The government also argues that many of the Trump administration’s most criticized policies at the southern US border, such as separating families and making people wait for their asylum hearings in Mexico, don’t apply to people turned back from Canada.
Dench, responding to the Canadian government's stance, said, “We're talking about someone who comes to the Canadian border who asks for Canada's protection. We cannot wash our hands of that responsibility saying, ‘Oh, well, it's not a big deal, because there were other people that received refugee protection in the United States.’”
In 2017, The World spoke to a journalist from Nigeria named Precious at a refugee shelter in Montreal. Precious, who asked to only by identified by his first name for safety reasons, said his family traveled first to the US in the hopes of claiming asylum, but did not see a clear path to legal status there.
“We [were] living under the fear of deportation by the present immigration policy of US against undocumented immigrants,” he said at the time.
Believing they had a better chance of getting asylum in Canada, Precious and his family walked across the border between official ports of entry. In what’s often called a legal loophole, the safe-third country agreement only applies to people appearing at official border crossings, but does not bar people who reach Canadian soil between them from claiming asylum.
“God bless Canada because I mean, it’s a place where our fears have been relieved.”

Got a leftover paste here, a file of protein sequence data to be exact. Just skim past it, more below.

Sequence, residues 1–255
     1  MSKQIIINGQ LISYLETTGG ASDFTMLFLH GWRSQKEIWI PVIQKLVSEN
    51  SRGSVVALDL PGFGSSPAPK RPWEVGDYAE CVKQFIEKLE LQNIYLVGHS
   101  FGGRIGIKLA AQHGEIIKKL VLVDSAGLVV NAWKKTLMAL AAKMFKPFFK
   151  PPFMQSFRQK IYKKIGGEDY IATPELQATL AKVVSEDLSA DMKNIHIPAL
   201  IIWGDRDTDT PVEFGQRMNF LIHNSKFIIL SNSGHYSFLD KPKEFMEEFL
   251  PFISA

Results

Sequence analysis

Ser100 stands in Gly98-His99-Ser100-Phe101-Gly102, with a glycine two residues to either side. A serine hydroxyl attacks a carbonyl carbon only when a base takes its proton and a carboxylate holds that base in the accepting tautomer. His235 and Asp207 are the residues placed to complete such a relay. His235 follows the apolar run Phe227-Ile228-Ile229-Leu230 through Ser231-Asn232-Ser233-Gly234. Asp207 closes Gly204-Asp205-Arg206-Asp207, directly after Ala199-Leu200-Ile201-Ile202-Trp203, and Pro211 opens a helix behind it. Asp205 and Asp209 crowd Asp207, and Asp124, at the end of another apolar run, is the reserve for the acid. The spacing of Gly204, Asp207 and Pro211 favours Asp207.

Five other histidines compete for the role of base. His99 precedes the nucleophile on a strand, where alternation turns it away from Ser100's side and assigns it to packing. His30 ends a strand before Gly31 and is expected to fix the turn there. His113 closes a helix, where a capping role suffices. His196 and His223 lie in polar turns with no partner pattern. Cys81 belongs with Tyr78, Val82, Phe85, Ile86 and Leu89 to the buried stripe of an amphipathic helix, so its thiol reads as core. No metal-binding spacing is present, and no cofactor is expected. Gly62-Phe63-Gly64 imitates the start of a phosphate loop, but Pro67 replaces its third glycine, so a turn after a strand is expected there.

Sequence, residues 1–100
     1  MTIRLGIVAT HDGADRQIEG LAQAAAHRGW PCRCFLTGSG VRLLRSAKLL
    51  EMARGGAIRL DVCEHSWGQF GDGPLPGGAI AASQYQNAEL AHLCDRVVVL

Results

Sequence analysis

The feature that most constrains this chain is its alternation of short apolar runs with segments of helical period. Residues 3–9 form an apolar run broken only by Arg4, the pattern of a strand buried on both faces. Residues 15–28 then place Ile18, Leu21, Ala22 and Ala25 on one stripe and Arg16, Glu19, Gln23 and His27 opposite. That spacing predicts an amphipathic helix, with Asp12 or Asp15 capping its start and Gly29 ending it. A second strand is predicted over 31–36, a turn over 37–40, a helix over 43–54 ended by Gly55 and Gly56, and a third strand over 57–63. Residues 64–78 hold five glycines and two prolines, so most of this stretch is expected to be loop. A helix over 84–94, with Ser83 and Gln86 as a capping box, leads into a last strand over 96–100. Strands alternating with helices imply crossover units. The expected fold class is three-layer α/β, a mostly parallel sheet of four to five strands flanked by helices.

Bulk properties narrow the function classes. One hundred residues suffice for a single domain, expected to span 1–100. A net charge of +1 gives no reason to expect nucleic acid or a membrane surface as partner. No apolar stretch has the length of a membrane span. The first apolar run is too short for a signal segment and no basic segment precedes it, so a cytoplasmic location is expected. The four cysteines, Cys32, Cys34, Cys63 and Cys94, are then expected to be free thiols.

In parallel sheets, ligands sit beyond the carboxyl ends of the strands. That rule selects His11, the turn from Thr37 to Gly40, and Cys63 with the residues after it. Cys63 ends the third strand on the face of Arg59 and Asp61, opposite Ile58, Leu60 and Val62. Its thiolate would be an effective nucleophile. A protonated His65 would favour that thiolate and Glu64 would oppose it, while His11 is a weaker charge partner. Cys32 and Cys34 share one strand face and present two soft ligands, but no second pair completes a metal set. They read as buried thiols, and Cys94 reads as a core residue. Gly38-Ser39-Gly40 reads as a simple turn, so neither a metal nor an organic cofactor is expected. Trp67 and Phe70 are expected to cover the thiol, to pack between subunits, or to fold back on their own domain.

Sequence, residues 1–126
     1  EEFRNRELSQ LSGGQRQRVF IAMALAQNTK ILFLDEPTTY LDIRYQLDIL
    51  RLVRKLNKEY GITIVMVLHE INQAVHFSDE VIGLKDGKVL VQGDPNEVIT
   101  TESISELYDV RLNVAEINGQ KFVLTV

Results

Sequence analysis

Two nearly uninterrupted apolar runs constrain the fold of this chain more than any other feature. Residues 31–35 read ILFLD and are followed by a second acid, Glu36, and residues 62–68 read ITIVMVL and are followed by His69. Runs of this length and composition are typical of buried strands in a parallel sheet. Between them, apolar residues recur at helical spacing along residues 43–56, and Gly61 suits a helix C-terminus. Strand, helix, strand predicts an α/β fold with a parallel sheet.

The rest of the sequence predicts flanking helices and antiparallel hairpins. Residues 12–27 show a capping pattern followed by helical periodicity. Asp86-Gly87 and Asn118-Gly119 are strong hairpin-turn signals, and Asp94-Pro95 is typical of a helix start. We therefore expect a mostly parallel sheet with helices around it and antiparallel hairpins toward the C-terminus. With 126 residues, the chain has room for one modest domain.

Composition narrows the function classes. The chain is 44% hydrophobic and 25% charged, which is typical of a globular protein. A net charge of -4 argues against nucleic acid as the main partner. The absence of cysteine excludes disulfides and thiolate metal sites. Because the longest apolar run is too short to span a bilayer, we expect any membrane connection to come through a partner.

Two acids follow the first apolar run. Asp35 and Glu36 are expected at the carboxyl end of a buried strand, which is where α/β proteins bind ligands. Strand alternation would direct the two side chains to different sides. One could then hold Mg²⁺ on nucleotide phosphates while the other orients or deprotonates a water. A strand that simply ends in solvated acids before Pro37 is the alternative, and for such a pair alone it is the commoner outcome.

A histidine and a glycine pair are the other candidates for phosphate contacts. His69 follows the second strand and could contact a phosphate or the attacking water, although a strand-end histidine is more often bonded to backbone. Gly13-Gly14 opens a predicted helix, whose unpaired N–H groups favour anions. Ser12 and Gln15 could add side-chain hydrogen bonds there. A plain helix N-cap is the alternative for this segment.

“God bless Canada because I mean, it’s a place where our fears have been relieved,” Precious said.
Tens of thousands of people have walked across the border between official entry points in the same way since the election of President Donald Trump, bringing political backlash from some Canadians who see this as rule-breaking and skipping the line.
Some immigrant advocates have said if the safe-third country agreement is overturned, it could reduce hostility toward asylum claimants because they would be able to approach official crossing points.
Smith of the Global Migration Lab, who spent the last year collecting interviews with 290 people who crossed the border irregularly, or not at official border crossings, said word of a decision by a Canadian court to throw out the agreement could encourage larger numbers of people to come from the US to Canada, though there’s no guarantee they would win their asylum claim.
“What I'm also concerned about in this court challenge is that while it might be a win in the short term — for the rights of refugees and asylum-seekers — in the long run, that could reward anti-refugee sentiment in Canada in terms of elections, and that would be that would be a bad thing for refugees and refugee rights advocates in the long-term,” he said.
Muzaffar Chishti of the New York office of the Migration Policy Institute said this type of review of US policy in an international court is unusual.
“It really doesn't happen frequently, and I think it is safe to say that this is sort of one of the new fallouts from the policies of the Trump administration,” Chishti said.
Every week, more than 2 million listeners tune into our broadcast and follow our digital coverage like this story, which is available to read for free thanks to charitable contributions from listeners like you. But less than 1% of our audience supports our program directly. From now through the end of the year, every gift will be matched dollar for dollar by a generous donor, which means your gift will help us unlock a $67,000 challenge match.
Will you join our growing list of loyal supporters and double your impact today?